Most Nations Aiming for Net-Zero Fail to Meet Targets, Study Shows

The gap between government promises and what’s actually being done to eliminate emissions puts the world at risk of catastrophic warming.

(Bloomberg) — A new scientific assessment of government commitments to eliminate greenhouse gas emissions found most lack credibility and would put the world on track to experience catastrophic global warming by the end of this century.

About 90% of net-zero plans by a group of about three dozen countries are unlikely to be achieved, with confidence levels of “lower” or “much lower,” according to a study published Thursday in Science. Among the laggards are India, Australia, Brazil, Indonesia, South Africa and the United Arab Emirates, host of the upcoming United Nations climate summit. The world’s top two emitters, China and the US, ranked in the “lower” category.  

“Achieving net zero is difficult, but just looking at the near term and taking the first steps is not enough,” said Joeri Rogelj, the paper’s lead author and a professor of climate science at Imperial College London. “The hard steps in the long run need to be planned for today.” 

Only New Zealand, the European Union and the UK ranked in the “higher” confidence category, and big challenges remain despite better progress towards net zero. While Europe’s energy sector has gone a long way to reduce its emissions, carbon pollution has been more stubborn in the agricultural and industrial sectors.

Greenhouse gases emitted by human activities have caused the planet to warm by about 1.2C since pre-industrial times, altering weather patterns and intensifying deadly events like heat waves, wildfires and cyclones. Global temperatures will increase anywhere between 1.7C and 3C by 2100, depending on the level of emissions over the next few years, according to the study. Even the lower end of that range exceeds the 1.5C of warming that global leaders agreed to strive for when they committed to the Paris Agreement in 2015. 

To assess countries’ emission-reduction goals, also known as Nationally Determined Contributions, or NDCs, the researchers looked at whether they were legally binding, whether they had laid out credible policies for implementation and whether the countries’ near-term emissions are trending downwards. In most cases they found a gap. 

For the lowest-ranking countries, Rogelj said that “after they made a pledge or a promise, there’s very little evidence on the ground that this translated into action.”

Rogelj focused on the bottom-tier ranking of the UAE because of its crucial role as host of COP28, where every nation is expected to participate in a global stocktake on efforts to curb emissions. The country’s plan was given the lowest score because its target isn’t legally binding, there’s no policy plan to implement it and there’s no indication that the country’s emissions are declining, the researchers wrote. The UAE’s net-zero plan also doesn’t clarify which greenhouse gases its target covers.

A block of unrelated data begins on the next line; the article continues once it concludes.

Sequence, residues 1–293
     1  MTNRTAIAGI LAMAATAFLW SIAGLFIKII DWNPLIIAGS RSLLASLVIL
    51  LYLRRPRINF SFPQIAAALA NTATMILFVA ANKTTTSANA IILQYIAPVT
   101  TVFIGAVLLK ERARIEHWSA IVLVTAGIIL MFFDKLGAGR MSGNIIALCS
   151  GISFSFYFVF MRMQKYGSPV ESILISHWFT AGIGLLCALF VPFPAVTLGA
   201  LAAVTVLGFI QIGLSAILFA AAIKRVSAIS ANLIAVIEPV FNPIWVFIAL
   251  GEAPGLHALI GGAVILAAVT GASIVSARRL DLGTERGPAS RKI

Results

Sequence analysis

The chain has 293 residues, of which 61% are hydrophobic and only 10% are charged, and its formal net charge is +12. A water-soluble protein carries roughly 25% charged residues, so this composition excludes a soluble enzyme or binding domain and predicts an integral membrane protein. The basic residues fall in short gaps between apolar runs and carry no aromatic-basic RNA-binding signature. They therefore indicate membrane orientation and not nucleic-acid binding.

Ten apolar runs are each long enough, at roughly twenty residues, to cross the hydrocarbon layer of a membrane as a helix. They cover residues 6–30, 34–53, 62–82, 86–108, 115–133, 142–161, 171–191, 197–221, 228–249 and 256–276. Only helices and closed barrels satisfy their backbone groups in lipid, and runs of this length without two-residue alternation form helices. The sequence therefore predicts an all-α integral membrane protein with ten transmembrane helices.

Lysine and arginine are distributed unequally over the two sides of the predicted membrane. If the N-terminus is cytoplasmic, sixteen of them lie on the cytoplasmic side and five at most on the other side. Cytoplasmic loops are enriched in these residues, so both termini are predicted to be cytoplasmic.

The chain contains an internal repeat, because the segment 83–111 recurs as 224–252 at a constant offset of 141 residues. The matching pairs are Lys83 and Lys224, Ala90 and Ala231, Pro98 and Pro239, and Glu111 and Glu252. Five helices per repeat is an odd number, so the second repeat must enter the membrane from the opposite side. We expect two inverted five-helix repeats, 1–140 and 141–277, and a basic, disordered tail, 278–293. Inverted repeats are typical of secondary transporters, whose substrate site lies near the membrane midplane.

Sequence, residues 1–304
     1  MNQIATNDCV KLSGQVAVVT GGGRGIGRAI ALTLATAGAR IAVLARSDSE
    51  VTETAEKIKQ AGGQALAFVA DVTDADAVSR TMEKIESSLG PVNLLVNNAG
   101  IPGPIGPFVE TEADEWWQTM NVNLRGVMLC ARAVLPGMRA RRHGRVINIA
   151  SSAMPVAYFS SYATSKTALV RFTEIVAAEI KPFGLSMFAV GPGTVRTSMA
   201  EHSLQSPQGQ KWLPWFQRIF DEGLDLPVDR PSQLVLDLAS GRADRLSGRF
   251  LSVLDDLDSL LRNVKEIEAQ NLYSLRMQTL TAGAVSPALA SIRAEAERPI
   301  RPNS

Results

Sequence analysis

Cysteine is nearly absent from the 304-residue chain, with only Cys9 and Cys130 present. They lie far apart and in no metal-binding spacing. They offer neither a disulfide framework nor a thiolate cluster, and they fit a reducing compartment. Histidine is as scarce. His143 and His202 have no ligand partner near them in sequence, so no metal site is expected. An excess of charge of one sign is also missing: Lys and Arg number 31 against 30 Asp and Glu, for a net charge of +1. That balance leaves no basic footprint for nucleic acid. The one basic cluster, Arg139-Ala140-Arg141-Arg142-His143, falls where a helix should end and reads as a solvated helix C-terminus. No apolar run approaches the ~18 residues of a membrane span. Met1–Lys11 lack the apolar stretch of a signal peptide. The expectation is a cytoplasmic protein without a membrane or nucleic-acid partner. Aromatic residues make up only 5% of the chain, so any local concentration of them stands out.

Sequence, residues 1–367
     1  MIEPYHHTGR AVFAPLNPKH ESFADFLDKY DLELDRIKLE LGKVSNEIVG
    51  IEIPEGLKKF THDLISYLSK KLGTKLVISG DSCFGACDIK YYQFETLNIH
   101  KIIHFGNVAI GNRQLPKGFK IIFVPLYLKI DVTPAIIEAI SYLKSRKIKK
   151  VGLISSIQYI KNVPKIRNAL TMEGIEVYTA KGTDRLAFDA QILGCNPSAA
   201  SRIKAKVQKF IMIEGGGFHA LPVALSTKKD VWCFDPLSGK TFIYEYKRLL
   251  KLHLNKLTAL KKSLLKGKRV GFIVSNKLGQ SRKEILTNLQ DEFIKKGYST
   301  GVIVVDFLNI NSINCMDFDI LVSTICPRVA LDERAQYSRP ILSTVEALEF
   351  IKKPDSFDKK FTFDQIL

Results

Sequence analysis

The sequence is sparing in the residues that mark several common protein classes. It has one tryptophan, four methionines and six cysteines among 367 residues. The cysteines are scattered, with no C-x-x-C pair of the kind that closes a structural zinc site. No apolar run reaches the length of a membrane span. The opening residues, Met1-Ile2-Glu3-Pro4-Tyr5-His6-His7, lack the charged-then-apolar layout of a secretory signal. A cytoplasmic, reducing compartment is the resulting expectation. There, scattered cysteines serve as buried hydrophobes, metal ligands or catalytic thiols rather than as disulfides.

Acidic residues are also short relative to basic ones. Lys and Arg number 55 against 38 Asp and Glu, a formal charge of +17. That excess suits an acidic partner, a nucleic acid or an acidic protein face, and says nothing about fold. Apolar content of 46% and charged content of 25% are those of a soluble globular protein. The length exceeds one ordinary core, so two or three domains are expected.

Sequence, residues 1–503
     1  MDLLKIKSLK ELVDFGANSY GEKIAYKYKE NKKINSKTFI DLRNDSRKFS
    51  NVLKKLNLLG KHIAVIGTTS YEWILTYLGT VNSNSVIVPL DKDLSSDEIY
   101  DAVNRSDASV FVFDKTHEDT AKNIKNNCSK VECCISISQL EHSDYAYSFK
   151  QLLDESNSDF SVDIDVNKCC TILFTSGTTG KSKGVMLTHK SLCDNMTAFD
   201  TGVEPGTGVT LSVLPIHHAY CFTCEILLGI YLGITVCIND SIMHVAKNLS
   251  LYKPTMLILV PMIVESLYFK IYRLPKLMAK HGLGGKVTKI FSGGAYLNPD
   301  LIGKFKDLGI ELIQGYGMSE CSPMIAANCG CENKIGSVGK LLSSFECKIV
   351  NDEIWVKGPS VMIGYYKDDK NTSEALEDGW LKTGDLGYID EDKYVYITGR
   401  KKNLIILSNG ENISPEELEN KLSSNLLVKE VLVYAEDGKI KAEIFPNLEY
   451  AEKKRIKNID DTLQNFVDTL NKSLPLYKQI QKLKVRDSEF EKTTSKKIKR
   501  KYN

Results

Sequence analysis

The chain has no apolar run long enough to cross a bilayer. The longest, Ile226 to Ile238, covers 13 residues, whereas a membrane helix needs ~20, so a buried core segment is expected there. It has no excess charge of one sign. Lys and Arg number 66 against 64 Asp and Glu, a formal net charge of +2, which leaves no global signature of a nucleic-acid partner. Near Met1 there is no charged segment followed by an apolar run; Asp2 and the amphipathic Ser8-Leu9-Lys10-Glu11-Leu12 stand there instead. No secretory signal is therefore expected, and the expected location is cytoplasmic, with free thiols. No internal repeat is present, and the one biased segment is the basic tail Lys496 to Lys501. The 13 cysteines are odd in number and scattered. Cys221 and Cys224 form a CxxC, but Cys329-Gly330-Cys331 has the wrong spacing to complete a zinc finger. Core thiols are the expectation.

The UAE is planning to announce an updated, more ambitious NDC before the COP28 summit in Dubai, according to a spokesperson for the country’s Ministry of Climate Change and Environment. Representatives for COP28 did not reply to a request for comment.

A COP presidency, while hosted by a government, is expected to take a neutral stance during negotiations. Yet past COP presidencies have used an ambitious NDC from their host government as an example to showcase how to set credible targets, said Rogelj, and “the fact that the UAE scores so low puts a very low credibility mark on their presidency as a whole.”

Scientists ran projections of future temperature increases with and without policy changes. Under the most conservative scenario, which considers only policies that have been implemented and not pledges, global average temperatures would rise between 1.7C and 3C by the end of the century. Under the most optimistic scenario, where all country promises materialize, temperatures would rise between 1.6C and 2.1C. 

But the window of achieving those goals is getting tighter. In a separate study also published on Thursday, Rogelj and his colleagues found that the carbon budget — the amount of carbon dioxide that can be dumped in the atmosphere without breaching temperature targets — is shrinking faster that previously thought. The updated numbers show that, if emissions continue at the current rate, the world will exhaust its budget for 1.5C before 2030. That means countries now need to make even steeper emissions cuts this decade if they want to avoid the worst impacts.

Every 0.1C of global warming matters. But scientists consider any warming above 2C to be disastrous for human life and the environment. Even below that threshold, some ecosystems will change irreversibly, altering natural resources and challenging human survival in many parts of the world. 

“It’s not only that whatever we do now is not fast enough,” Rogelj said. “But that in some cases it’s hard to see any progress at all after pledges have been put forward, and that’s really worrying.” 

(Updates with comment from the United Arab Emirates in the ninth paragraph.)

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